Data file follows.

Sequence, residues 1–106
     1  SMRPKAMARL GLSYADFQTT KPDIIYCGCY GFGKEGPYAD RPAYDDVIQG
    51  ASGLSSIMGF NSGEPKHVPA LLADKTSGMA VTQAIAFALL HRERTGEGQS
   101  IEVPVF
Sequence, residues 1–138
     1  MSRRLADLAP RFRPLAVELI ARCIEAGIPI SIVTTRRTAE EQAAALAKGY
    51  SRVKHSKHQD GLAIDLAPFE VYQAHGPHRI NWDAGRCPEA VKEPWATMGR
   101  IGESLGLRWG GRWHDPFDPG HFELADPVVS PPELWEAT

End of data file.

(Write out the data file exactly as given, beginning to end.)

Sequence, residues 1–106
     1  SMRPKAMARL GLSYADFQTT KPDIIYCGCY GFGKEGPYAD RPAYDDVIQG
    51  ASGLSSIMGF NSGEPKHVPA LLADKTSGMA VTQAIAFALL HRERTGEGQS
   101  IEVPVF
Sequence, residues 1–138
     1  MSRRLADLAP RFRPLAVELI ARCIEAGIPI SIVTTRRTAE EQAAALAKGY
    51  SRVKHSKHQD GLAIDLAPFE VYQAHGPHRI NWDAGRCPEA VKEPWATMGR
   101  IGESLGLRWG GRWHDPFDPG HFELADPVVS PPELWEAT